Reduced visibility combined with sleep deprivation make driving at night dangerous
DID YOU KNOW…
- In 2019, 58% of young adult fatal crashes occurred between 6 pm – 6 am (1).
- Rural roadways can be especially dangerous at night due to higher numbers of unlit roadways. In 2019, 45% of fatal traffic crashes occurred on rural roads, 45% (7,305) of those occurred at night (10).
- A majority of speeding-related fatalities occurred at night in Urban areas (57%) (10).
The impact of sleep habits on driving and other areas:
- Sleepiness and irregular sleep schedules have many unintended consequences, one of which is to negatively impact learning, memory, and performance (3).
- Men are more likely to fall asleep while driving than women (3).
- A study found that individuals who have slept less than 2 hours in the prior 24 hours are too sleep deprived to get behind the wheel of a vehicle (5).
- A survey found that young drivers report being “reluctant to miss out” and have an “always-on lifestyle” that can contribute to drowsy driving as they are getting less than six hours of sleep each night (6).
- 70% of participants surveyed admitted to driving tired
- 50% reported actually falling asleep or nearly falling asleep at the wheel citing:
- A busy schedule: 43%
- Staying up late to do homework: 32%
- Staying up late for social activities: 24%
- Working late hours during the week: 20%
- Being tired or hung over from drinking/partying the night before: 10%
Drowsy vs. Impaired:
- The dangerous combination of sleep loss and alcohol could impair driving performance even in students who are not legally intoxicated (3).
- Drowsy driving and impaired driving have similar effects (2,4). Both cause:
- Problems with information processing and short-term memory
- Increased moodiness and aggressive behaviors
- Decreased performance, vigilance, and motivation
- Impaired reaction time, judgment, and vision
Identifying Drowsy Driving:
- Here are some signs of being tired and it’s time to pull over (7).
Preventing Drowsy Driving:
- Before you drive, consider whether you are (7):
- Sleep-deprived or fatigues (6 hrs of sleep or less triples your risk)
- Suffering from sleep loss (insomnia) or poor quality sleep
- Driving long distances without proper rest breaks
- Driving through the night or when you would normally be asleep
- Studying a lot or attending more activities than usual, which may be decreasing your sleep time
- Drinking even small amounts of alcohol
- Driving alone or on a long, rural dark or boring road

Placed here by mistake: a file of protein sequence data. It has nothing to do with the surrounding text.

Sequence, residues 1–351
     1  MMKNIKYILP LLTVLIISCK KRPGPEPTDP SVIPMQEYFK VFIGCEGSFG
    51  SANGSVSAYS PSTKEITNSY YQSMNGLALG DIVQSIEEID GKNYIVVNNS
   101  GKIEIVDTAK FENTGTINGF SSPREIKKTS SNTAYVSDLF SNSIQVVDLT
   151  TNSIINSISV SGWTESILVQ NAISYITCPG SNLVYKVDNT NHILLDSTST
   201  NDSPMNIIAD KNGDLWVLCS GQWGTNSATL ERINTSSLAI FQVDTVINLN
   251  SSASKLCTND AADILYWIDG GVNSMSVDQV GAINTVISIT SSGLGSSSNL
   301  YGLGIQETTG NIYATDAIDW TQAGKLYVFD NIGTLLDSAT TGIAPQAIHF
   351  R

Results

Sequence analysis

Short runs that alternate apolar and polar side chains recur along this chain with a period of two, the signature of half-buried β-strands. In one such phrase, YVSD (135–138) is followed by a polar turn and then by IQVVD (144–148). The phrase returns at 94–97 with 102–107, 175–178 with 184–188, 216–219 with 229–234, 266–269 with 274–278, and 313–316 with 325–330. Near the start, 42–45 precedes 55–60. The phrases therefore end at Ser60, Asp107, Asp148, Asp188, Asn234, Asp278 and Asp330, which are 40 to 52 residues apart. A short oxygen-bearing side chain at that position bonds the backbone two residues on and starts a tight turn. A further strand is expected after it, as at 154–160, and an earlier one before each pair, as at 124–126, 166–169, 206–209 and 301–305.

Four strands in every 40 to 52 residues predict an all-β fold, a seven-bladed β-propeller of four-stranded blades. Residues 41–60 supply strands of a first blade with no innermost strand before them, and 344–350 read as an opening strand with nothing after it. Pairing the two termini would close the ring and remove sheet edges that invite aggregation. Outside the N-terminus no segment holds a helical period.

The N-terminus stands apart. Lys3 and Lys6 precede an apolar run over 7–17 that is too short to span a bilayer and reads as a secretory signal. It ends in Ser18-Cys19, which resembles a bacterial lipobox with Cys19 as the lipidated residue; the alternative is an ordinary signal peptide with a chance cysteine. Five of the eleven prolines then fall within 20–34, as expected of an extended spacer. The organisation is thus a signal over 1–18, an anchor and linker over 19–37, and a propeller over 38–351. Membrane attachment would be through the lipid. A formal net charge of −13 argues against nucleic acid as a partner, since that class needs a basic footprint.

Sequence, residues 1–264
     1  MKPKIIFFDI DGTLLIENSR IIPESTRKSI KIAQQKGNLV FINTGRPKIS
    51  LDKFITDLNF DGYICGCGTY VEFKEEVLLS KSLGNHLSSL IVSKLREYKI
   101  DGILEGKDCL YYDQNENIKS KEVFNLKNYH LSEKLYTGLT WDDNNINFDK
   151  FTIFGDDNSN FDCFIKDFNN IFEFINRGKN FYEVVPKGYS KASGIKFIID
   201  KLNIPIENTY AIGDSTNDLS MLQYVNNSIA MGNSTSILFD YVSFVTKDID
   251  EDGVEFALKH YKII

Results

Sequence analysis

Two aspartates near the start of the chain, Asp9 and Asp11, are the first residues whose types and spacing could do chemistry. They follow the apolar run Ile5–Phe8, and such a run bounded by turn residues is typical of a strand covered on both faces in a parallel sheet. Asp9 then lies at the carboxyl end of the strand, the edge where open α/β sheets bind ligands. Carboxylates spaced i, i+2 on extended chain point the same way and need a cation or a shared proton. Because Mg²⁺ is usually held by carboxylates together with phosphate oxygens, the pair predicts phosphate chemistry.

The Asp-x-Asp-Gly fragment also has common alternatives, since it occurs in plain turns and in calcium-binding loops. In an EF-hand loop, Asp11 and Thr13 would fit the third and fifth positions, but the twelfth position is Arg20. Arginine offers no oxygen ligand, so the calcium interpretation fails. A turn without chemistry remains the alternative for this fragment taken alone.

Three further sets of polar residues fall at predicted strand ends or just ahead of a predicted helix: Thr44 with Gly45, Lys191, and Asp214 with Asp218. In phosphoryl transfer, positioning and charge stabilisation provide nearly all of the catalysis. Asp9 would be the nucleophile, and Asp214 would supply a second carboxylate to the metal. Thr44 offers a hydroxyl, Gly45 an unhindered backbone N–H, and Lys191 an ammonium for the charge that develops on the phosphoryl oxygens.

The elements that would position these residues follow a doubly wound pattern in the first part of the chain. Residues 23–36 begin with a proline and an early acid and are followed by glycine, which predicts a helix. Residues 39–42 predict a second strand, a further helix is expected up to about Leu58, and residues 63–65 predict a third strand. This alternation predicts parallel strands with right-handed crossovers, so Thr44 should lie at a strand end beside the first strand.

- Lifestyle habits and good planning can help prevent drowsy driving (7):
- Get a good night’s sleep before you hit the road.
- Don’t be too rushed to arrive at your destination. Many drivers try to maximize the holiday weekend by driving at night or without stopping for breaks.
- It’s better to allow the time to drive alert and arrive alive.
- Use the buddy system. A buddy who remains awake for the journey can take a turn behind the wheel and help identify the warning signs of fatigue
- Take a break every 100 miles or 2 hours. Do something to refresh yourself like getting a snack, switching drivers or going for a jog
- Take a nap. Find a safe place to take a 15-20 minute nap if you think you might fall asleep. Be cautious about excessive drowsiness after waking up.
- Avoid alcohol and medications that may cause drowsiness as a side-effect
- Consume caffeine. The equivalent of two cups of coffee can increase alertness for several hours.
The problem of visibility at night:
- The average person’s field of vision is smaller without the aid of light, and glare from oncoming headlights can further limit the ability to see clearly and avoid hazards (8).
- High Intensity lights are becoming more common. These lights are brighter to on-coming traffic and require your eyes to adjust faster (8).
- It is more difficult to judge other vehicle’s speeds and distances at night.
- Dusk is the most dangerous time since your eyes are constantly having to adjust to more darkness (9).
What to do about poor visibility:
- Keep distractions to a minimum to keep your eyes and attention on the road.
- Reduce your speed and increase your following distances. Don’t overdrive your headlights. You should be able to stop inside the illuminated area. If you can’t, you are creating a blind crash area in front of your vehicle (11).
- Keep your headlights and windshield clean. A thin film of debris on your headlights can reduce your visibility significantly (11).
- Avoid the glare of oncoming vehicles by watching the right edge of the road and using it as a steering guide (11).
- IIHS, Fatality Facts 2019, Teenagers, Available at: https://www.iihs.org/topics/fatality-statistics/detail/teenagers#when-teenagers-died
- Jackson ML, Croft RJ, Kennedy GA, Owens K, Howard ME. Cognitive components of simulated driving performance: sleep loss effects and predictors. Accid AnalPrev.2012;50:438.
- Hershner, and Chervin R.D. Causes and Consequences of Sleepiness Among College Students. Nature and Science of Sleep. 2014.
- National Sleep Foundation
- National Sleep Foundation:https://sleepfoundation.org/sleep-news/expert-consensus-panel-concludes-missing-night-sleep-renders-drivers-unfit
- Liberty Mutual & SADD:https://www.libertymutualgroup.com/about-lm/news/news-release-archive/articles/new-study-finds-teens-fear-of-missing-out-is-proving-to-be-dangerous
- Texas A&M Transportation Institute
- National Safety Council
- National Highway Traffic Safety, Rural/Urban Comparison of Traffic Fatalities, Traffic Safety Facts, 2017 data, Available at: ) https://crashstats.nhtsa.dot.gov/Api/Public/ViewPublication/812957
- AAA Foundation
Updated August 2021